I think it looks sensational and, judging by the reaction of everyone who came into close contact with the FF, I’m not alone. From eggbox-grille nose to quad-exhaust tail, the FF is 4.9m long and, because it’s such a long way from the front wheels to the rears, space inside is generous. Four adults can easily travel long distances in comfort and, at 450 litres, the boot’s far bigger than that of a Ford Focus. Skis on the roof, toboggan in the boot, fondue set between the rear seats and you’re good to go. The cabin is a delightful blend of soft leather and brushed metal finishes, the seats supportive and the driving position good.
If all this talk of practicality and go-anywhere prowess sounds a bit un-Ferrari, then relax: the FF still goes like stink and still makes a heavenly sound. The world’s fastest four-seater, claims its maker, although the tattooed and toothless driver of a Transit crewcab seemed eager to prove otherwise, sitting an inch from the FF’s sumptuous rump as we traversed the Stirling bypass in heavy traffic.
“Minted man, minted. G’oan, geeza race!” he barked as he pulled up alongside at a roundabout, his mates doing their best not to drool. What is it about the Prancing Horse badge that turns ordinary men insane? “Go away. Go back to being a painter and decorator, and let me go back to pretending I’m a millionaire,” I didn’t reply, since he was much bigger than me. Instead, a quick turn of the FF’s steering wheel sent me left at the next exit as the Transit trundled straight on.
The FF’s performance is spine tingling, like a fighter jet being slung off the deck of an aircraft carrier but, of course, much better sounding. Superior traction and a few deft flicks of the seven-speed paddle shifters make quick getaways a cinch, before the V12 unleashes merry hell and the world whizzes by at warp speed. It ought to be terrifying, but it’s not, the FF retaining Ferrari’s legendary poise and balance as the speedo needle hares round the dial and the world around you shakes to the Ferrari sound.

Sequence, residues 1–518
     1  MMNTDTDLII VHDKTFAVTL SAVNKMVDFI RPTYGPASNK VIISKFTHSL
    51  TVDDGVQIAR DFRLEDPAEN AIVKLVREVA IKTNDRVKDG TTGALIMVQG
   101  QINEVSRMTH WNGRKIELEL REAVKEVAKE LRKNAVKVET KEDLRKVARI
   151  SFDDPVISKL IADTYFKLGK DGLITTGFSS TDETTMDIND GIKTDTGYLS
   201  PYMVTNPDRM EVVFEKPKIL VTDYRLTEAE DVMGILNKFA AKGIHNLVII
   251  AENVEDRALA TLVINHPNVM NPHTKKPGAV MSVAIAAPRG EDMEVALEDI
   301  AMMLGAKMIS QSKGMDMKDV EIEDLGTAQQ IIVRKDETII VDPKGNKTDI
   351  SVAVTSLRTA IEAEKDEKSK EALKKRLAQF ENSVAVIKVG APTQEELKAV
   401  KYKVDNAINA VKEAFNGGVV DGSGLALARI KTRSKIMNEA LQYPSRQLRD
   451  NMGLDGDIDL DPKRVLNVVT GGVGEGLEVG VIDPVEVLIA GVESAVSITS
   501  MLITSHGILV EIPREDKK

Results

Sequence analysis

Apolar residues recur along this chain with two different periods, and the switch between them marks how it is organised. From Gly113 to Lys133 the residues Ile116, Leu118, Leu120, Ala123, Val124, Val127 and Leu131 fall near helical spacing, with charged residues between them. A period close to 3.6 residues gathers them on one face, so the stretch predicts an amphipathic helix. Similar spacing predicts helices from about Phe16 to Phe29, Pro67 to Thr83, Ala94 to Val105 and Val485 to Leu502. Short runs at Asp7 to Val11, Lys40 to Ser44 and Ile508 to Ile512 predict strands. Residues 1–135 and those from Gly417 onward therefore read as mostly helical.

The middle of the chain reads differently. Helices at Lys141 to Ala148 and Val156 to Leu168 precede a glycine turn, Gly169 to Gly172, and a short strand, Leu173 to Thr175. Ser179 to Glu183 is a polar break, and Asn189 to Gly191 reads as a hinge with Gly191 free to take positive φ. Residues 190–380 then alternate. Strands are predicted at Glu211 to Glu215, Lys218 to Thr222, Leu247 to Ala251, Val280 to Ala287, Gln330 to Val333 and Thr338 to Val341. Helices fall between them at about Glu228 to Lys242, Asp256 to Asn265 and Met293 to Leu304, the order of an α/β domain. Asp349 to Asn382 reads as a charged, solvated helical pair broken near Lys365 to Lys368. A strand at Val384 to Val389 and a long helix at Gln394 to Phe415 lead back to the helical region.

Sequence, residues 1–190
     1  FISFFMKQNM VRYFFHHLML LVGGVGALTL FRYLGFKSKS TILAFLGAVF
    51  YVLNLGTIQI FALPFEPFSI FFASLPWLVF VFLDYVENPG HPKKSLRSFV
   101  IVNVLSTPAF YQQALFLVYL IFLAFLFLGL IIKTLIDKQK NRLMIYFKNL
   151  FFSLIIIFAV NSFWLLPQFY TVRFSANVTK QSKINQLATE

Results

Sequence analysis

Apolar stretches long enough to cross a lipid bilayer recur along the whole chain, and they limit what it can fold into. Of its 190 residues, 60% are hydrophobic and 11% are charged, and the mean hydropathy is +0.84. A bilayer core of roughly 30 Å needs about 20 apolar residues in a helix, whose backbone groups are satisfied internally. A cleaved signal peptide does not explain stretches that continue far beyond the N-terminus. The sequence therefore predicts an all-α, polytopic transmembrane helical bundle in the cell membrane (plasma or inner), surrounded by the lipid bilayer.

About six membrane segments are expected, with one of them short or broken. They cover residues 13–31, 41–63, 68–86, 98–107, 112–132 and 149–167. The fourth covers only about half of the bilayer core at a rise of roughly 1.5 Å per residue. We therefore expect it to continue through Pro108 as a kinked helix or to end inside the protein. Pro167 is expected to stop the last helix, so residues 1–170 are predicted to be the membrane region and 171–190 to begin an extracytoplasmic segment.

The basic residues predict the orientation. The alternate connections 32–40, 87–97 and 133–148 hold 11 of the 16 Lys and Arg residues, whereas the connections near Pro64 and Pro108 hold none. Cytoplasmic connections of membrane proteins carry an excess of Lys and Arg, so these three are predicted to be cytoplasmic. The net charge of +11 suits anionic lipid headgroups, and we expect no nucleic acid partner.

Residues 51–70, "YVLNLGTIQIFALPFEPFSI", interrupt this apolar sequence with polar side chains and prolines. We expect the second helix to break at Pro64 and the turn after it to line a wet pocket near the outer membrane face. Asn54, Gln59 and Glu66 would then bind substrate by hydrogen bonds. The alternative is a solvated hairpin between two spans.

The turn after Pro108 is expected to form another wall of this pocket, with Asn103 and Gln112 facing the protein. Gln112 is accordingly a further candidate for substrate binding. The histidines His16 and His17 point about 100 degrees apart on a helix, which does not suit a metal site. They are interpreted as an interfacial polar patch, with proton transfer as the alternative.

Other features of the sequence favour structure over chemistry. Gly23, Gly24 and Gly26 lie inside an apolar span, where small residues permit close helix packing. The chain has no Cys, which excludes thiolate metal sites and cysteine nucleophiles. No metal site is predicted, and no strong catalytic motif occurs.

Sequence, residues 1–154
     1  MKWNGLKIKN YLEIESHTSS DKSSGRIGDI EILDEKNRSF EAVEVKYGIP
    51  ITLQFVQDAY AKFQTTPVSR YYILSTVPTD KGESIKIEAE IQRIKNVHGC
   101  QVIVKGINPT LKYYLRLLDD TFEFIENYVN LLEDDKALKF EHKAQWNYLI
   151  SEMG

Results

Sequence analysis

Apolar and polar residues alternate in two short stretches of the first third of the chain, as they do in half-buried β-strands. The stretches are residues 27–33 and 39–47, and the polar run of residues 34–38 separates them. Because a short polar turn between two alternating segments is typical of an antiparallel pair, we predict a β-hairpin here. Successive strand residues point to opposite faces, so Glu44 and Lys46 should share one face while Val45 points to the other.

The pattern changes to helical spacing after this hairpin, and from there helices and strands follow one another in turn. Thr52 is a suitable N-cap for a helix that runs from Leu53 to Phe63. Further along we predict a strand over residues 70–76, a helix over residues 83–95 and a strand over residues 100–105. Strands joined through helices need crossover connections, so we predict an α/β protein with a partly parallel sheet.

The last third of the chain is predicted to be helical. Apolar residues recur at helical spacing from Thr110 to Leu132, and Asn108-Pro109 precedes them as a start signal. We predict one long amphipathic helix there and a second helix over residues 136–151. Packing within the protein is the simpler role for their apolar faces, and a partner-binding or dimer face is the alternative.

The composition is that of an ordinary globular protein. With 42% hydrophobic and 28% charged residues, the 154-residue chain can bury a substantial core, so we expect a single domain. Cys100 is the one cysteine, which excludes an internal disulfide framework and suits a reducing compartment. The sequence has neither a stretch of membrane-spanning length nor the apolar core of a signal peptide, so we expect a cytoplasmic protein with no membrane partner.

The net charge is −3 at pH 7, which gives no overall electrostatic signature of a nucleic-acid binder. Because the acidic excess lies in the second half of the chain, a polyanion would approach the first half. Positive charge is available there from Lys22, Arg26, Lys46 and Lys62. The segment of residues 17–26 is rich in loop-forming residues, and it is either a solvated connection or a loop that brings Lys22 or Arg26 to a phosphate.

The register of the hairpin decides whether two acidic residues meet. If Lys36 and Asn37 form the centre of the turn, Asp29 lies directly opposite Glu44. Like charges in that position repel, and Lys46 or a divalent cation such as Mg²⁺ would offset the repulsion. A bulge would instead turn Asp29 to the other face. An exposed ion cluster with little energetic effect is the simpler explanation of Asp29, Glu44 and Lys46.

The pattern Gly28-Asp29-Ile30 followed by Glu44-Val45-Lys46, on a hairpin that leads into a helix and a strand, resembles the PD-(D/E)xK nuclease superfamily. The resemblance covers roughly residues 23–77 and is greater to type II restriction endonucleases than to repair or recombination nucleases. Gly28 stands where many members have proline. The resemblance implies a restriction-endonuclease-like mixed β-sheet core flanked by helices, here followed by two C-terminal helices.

For a car weighing the best part of two tonnes once I’m aboard, the FF is a nimble machine and changes direction with a deftness that’ll catch you by surprise the first few times you turn the wheel. Grip from the rear tyres is phenomenal, but it’s the extra tenacity at the front that transforms the FF from high-speed sledgehammer into a precision instrument, helping it hold a tight line in low-to-medium-speed corners. Body roll is well controlled without compromising the supple ride quality. We covered about 700 miles in the FF over the course of a long weekend and would happily have covered 700 more.
Stick snow tyres on it and you can enjoy this sort of performance all year round, for this is a supercar that will take you and your mates across the snow fields of Iceland, or swallow a month’s worth of shopping from… er… Iceland. Or the Val d’Isere branch of Spar. Roll on winter. Roll on my long overdue lottery win.
CAR Ferrari FF
PRICE From £227,000
PERFORMANCE Max speed 208mph; 0-60mph 3.7secs
MPG (combined) 18.3
CO2 EMISSIONS 360g/km